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John Gray's The Immortalization Commission: The Strange Quest to Cheat Death raises vital questions about the 'truths' science can offer, the technology we are still exploiting for immortality - and exactly what it means to be human.
At the heart of all human experience lies our obsession with death. For many years, we turned to religion for our answers, but at the turn of the twentieth centuries ideas from evolution and politics seemed to suggest that our lives - and afterlives - were in our own hands.
These ideas would have both trivial and terrible effects, from the nightmares of H. G. Wells's science fiction and the wild, sweeping craze of séances to the murder of millions in the Stalinist terror.
'Our sharpest critic of utopian fantasies skewers the crazed but enduring dream of cheating age, time and death'
Boyd Tonkin, Independent
'Elegant ... He is on to something important regarding the delusion that science consists of indefinite progress'
'One of the most important and insightful polemicists currently writing in English... humanism's most vocal critic'
'Gray is an engaging writer, an entertaining historian and a controversialist whose opinions can never be taken for granted'
John Gray has been Professor of Politics at Oxford University, Visiting Professor at Harvard and Yale and Professor of European Thought at the London School of Economics. His books include False Dawn: The Delusions of Global Capitalism, Black Mass: Apocalyptic Religion and the Death of Utopia and Straw Dogs: Thoughts on Humans and Other Animals. His selected writings, Gray's Anatomy, was published in 2009.
Fascism was the major political invention of the twentieth century and the source of much of its pain. How can we try to comprehend its allure and its horror? Is it a philosophy, a movement, an aesthetic experience? What makes states and nations become fascist?
Acclaimed historian Robert O. Paxton shows that in order to understand fascism we must look at it in action - at what it did, as much as what it said it was about. He explores its falsehoods and common threads; the social and political base that allowed it to prosper; its leaders and internal struggles; how it manifested itself differently in each country - France, Britain, the low countries, Eastern Europe, even Latin America as well as Italy and Germany; how fascists viewed the Holocaust; and, finally, whether fascism is still possible in today's world.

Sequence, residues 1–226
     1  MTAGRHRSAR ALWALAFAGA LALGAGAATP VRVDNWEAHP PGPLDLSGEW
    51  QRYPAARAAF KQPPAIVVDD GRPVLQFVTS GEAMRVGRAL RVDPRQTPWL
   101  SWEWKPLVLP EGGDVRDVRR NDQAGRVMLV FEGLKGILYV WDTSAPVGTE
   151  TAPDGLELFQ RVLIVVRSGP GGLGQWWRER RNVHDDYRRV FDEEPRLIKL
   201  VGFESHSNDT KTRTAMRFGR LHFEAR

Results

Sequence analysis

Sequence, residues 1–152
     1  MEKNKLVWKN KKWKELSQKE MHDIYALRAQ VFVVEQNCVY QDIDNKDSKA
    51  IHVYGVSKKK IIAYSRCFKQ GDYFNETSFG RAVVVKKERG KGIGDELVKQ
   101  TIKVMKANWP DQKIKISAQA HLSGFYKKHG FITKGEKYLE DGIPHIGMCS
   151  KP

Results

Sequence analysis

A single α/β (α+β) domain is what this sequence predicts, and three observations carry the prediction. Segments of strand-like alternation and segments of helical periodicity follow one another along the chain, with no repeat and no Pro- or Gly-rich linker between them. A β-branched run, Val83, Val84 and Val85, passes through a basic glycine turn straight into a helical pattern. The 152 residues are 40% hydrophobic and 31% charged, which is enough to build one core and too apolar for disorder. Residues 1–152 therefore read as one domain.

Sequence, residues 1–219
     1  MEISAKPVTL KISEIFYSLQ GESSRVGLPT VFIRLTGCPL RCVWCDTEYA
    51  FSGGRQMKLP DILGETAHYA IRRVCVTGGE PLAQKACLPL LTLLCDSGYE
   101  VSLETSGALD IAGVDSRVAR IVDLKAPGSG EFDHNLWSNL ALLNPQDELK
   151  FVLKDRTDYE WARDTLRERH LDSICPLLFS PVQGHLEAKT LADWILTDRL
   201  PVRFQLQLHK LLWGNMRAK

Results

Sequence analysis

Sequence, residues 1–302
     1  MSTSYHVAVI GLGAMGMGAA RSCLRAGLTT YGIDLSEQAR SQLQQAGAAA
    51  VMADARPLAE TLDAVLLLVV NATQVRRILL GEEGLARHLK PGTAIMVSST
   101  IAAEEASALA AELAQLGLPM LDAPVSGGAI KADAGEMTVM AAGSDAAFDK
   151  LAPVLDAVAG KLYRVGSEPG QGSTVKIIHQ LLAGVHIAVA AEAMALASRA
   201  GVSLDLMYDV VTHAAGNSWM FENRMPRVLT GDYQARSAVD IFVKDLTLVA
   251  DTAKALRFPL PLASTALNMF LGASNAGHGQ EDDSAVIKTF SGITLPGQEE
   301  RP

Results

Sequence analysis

Offering a bold new interpretation of the fascist phenomenon, this groundbreaking book will overturn our understanding of twentieth-century history.
John Kenneth Galbraith's international bestseller The Affluent Society is a witty, graceful and devastating attack on some of our most cherished economic myths.
As relevant today as when it was first published over forty years ago, this newly updated edition of Galbraith's classic text on the 'economics of abundance', lays bare the hazards of individual and social complacency about economic inequality.
Why worship work and productivity if many of the goods we produce are superfluous - artificial 'needs' created by high-pressure advertising? Why begrudge expenditure on vital public works while ignoring waste and extravagance in the private sector of the economy? Classical economics was born in a harsh world of mass poverty, and has left us with a set of preconceptions ill-adapted to the realities of our own richer age. And so, too often, 'the bland lead the bland'. Our unfamiliar problems need a new approach, and the reception given to this famous book has shown the value of its fresh, lively ideas.
'A compelling challenge to conventional thought'
The New York Times
'He shows himself a truly sensitive and civilized man, whose ideas are grounded in the common culture of the two continents, and may serve as a link between them; his book is of foremost importance for them both'
The Times Literary Supplement
John Kenneth Galbraith (1908-2006) was a Canadian-American economist. A Keynesian and an institutionalist, Galbraith was a leading proponent of 20th-century American liberalism and progressivism. Galbraith was the author of 30 books, including The Economics of Innocent Fraud, The Great Crash: 1929, and A History of Economics.
Published: 5 Aug 1999
TLS BOOKS OF THE YEAR 2016
'Gray must be one of the best read of contemporary philosophers, trawling insouciantly through high-, middle- and low-brow literature with the sharp-eyed eclecticism of a magpie of genius' John Banville, Guardian
'Like Isaiah Berlin with a thing for sci-fi' Tibor Fischer, Spectator
Everyone thinks they want to be free - or do they? John Gray's thought-stirring new book on freedom draws together insights from Gnosticism, science fiction, ancient sacrifice and the occult to show that freedom is an illusion and that, like fairground puppets, humans dream of escaping the burden of choice altogether.